The Lakers have had a rough go of it so far this season. They’re currently 11-11, sitting at seventh place in the Western Conference. Lately, fans have been discussing — and most of the time yearning for — a firing of head coach Frank Vogel. The Lakers’ faithful aren’t the only ones talking about this possibility; NBA insiders have reported that people in coaching circles around the NBA have already started to worry about Vogel’s job security (h/t Silver Screen & Roll).
As with all NBA coaches when their team is falling short of expectations, Vogel’s lineup rotations and in-game adjustments have come under fire. The concerns around his rotations have felt weak all season given injuries to key role players such as Talen Horton-Tucker, Kendrick Nunn, and Trevor Ariza (with the latter two still yet to make their season debuts), as well as a couple of weeks of missed games for both Austin Reaves and one guy named LeBron James. In regards to the adjustments, well, these concerns have some validity. A key time period of in-game adjustments comes in the form of the third quarter after both head coaches are able to deploy new strategies they might have after watching the first half. The Lakers have been one of the worst teams in the third quarter this season, having a -20.3 net rating in the frame up until the past five games they played (28th out of 30 NBA teams).
However, it seems like Frank Vogel is doing some things differently lately. These moves haven’t been isolated to the third quarter, but that doesn’t mean they haven’t at least slightly affected their play in that time as they have a 17.9 net rating in that quarter in the past five games.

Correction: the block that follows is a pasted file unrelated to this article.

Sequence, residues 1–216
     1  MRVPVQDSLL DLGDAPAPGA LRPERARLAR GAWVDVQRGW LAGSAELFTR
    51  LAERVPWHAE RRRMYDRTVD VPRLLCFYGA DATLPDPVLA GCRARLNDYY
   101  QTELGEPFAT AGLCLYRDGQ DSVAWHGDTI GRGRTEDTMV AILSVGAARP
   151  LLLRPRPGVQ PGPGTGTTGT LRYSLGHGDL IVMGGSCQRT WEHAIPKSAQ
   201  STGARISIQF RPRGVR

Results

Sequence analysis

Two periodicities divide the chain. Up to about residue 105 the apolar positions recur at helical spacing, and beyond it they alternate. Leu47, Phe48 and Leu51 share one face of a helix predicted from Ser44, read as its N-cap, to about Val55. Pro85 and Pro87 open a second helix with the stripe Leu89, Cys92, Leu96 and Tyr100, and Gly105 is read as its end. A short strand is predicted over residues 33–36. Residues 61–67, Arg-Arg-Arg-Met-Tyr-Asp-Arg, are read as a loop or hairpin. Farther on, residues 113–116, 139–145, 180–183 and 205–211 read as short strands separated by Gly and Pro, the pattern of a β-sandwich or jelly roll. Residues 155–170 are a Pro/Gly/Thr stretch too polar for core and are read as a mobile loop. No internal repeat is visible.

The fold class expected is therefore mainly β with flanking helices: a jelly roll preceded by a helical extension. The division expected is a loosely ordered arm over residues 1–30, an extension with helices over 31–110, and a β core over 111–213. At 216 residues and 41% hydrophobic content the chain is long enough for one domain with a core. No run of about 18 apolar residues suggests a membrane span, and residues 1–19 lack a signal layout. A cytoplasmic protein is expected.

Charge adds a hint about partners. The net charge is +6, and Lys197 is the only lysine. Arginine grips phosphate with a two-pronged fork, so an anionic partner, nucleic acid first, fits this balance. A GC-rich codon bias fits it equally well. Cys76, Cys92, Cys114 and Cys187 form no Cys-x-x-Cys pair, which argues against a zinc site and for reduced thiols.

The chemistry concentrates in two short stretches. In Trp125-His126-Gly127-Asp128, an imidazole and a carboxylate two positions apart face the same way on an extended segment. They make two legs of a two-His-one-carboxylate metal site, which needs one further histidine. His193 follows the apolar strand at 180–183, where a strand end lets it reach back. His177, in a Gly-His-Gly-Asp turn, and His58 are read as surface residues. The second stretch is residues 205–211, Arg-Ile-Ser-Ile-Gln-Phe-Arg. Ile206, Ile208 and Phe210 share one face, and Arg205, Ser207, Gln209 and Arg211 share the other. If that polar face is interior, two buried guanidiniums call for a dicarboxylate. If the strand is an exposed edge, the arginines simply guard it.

Nearly 10 years ago, a little television show called Breaking Bad was in the middle of its run. At this time in 2010, the last two episodes of season three aired, titled “Half Measure” and “Full Measure” (spoilers may ensue here but I’ll keep them at a minimum). The former of the two episodes included a pretty long and chilling speech from character Mike Ehrmantraut (played beautifully in this as well as Better Call Saul by Jonathan Banks). The speech is to our anti-hero Walter White, in reference to a decision Walt made previously to try and get his partner Jesse arrested. Jesse had been causing issues for Walt and their meth-producing operation that Mike was also a part of.
Mike visits Walt upon hearing about his plans for this, telling him a long story about when he was a cop back in the day. I won’t go deep into the story as it’s pretty gruesome, but long story short Mike decides against a decision that would have ended a criminal’s life only to find out later in time that the same criminal had committed yet another heinous crime. Mike is using the story to illustrate what Walt must do with Jesse instead of just arresting him, a move that may cause even more problems for their drug operations down the line.
“The moral of the story is: I chose a half measure when I should have gone all the way. I’ll never make that mistake again. No more half measures, Walter.”
Walt, as he did many times in the show, goes on to do the exact opposite of what Mike wants, committing a string of half-measures that do help him skate on by before committing a full measure in the season finale. It was far from the full measure that Mike wanted in the form of killing Jesse, but either way, it helped save Walt yet again.
At this current time in the evolution of this Lakers team, Frank Vogel is currently making half measures while pundits and fans watching the team are clamoring for him to make the drastic full measure.